You’ve thought long and hard about it and have come to the inescapable conclusion that you need more space. There are just two problems that need presents. First, you don’t want to sell because you love your home and where you live; and second, you’ll have to give-up outdoor space to get more interior space.
Since you don’t want to sell and buy a bigger home or forfeit a sizable chunk of your outdoor living space you worked so hard to transform into an oasis, you’re stuck with the task of making space from nothing. Well, you probably have a lot more space in your home that’s taking up otherwise useful space and you’re just not aware of it or how to re-arrange it to get more room.
Pros and Cons of an Open Concept Layout
The good news is you probably have at least one of a few options at your disposal, you just don’t yet know they exist. Take the open concept floor plan as one example, its popularity over the last several years has grown to monumental proportions, but it might not be the best option. We all know that since the time the first residential homes were built in the country, those residences contained separate rooms for separate purposes. There was a distinct dining room, a kitchen, a living room and/or family room, and bedrooms.
“Stop and think before you knock down that wall: a recent piece in the New York Times notes that buyers are beginning to reject the popular ‘open concept’ trend. The article argues that more people are entertaining at home, making a traditional floor plan more attractive to home cooks who want to shut the door on the mess in the kitchen.” —San Francisco Chronicle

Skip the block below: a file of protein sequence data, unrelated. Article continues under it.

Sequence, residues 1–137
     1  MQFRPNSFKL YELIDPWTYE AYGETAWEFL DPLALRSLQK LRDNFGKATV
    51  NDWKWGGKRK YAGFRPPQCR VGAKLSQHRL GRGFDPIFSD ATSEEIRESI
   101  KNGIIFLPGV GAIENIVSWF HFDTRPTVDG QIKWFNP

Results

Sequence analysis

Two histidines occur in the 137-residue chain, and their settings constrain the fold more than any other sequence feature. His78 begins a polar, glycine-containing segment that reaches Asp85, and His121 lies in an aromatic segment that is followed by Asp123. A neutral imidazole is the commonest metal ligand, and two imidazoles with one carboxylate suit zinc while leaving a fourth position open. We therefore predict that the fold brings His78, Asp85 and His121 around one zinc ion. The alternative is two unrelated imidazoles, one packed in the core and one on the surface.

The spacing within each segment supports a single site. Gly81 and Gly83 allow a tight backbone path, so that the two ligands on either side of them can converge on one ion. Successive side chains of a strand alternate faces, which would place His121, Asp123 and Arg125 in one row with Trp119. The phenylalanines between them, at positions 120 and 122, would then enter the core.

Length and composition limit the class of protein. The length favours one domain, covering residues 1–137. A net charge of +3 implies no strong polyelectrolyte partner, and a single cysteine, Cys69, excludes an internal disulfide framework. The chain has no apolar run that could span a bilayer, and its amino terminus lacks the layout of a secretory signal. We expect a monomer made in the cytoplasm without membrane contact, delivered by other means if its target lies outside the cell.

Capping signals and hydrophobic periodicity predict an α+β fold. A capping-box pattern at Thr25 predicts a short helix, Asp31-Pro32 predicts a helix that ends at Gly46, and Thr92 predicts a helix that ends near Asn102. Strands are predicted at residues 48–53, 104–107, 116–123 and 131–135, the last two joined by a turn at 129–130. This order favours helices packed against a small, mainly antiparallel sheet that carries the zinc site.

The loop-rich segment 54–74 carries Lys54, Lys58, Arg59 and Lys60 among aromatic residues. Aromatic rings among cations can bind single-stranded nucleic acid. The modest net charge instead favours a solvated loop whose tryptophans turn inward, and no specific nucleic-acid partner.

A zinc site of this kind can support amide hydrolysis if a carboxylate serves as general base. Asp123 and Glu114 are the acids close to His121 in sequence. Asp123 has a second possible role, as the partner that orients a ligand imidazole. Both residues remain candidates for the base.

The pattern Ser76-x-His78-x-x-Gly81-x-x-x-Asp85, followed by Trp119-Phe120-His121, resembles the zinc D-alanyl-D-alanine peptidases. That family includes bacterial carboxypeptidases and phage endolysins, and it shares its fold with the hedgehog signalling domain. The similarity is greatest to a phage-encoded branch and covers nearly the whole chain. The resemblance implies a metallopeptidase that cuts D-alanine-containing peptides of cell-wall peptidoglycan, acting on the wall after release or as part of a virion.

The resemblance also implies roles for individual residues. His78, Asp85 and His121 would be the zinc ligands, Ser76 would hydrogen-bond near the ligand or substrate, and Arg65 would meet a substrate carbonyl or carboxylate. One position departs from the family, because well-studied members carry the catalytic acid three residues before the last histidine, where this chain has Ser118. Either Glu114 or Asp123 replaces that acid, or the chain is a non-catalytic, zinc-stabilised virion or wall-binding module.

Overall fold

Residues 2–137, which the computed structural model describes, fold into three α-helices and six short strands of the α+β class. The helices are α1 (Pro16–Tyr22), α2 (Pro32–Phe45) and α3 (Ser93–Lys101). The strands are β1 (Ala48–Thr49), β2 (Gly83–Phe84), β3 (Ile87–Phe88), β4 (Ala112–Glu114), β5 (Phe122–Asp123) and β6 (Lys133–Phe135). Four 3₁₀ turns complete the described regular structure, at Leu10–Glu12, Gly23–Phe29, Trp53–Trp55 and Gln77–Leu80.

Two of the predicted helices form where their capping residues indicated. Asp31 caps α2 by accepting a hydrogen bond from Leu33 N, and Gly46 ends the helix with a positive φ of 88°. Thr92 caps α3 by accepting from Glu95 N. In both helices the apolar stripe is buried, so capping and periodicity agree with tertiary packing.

Several years ago, the trend of tearing down walls to create an open concept took off, especially in the midst of the housing bust. Now, a new trend is beginning to take shape, one that’s attractive to homeowners who like separate spaces, to keep the chaos and mess of the kitchen in a specific area. It’s also advantageous for families with children who want to keep the noise and confusion relegated to one room.
That’s the upside of an open concept, the downside is that you have to cleverly use decor and color schemes to demarcate spaces, creating a sense of distinction for each “room” within the open space. Another problem is the fact you’ll have fewer walls, which means fewer places to hang pictures and fewer places to back furniture against. Yet another downside is the fact your kitchen is exposed, so, if your entire home is clean, but a pile of dirty dishes in protruding from the sink, the whole house looks dirty.
Making a Home Bigger without an Addition
Now, onto how to squeeze more space out of your interior space without taking space away from your yard. As mentioned, there are a few ways to make a home more valuable and bigger without putting on an addition. Here are those options:
- Repurpose those catch-all storage rooms and spaces. It’s not uncommon for a room to become a catch-all space for storage. You can either migrate that stuff to the garage, a shed, or storage facility, or even sell it and donate it, but this is one way to gain livable space.
- Remove walls for an open concept. By tearing down non-load bearing walls or replacing load bearing walls with decorative support columns or posts, you’ll open up the interior, creating more space. When there’s less of a visual barrier, the possibilities come alive.
- Porch and patio enclosures. If you have a screened porch or even a dedicated patio, you can enclose either one and add electrical outlets, along with heating and cooling. Then, you’ll have another room to use as you like, for entertaining and relaxing.
Another option is to rearrange existing spaces while reducing furnishings and decor to maximize space. Sure, you might lose a few things, but you’ll have more living space to relax and entertain. This will help to increase the visual continuity and provide you with more room in your home.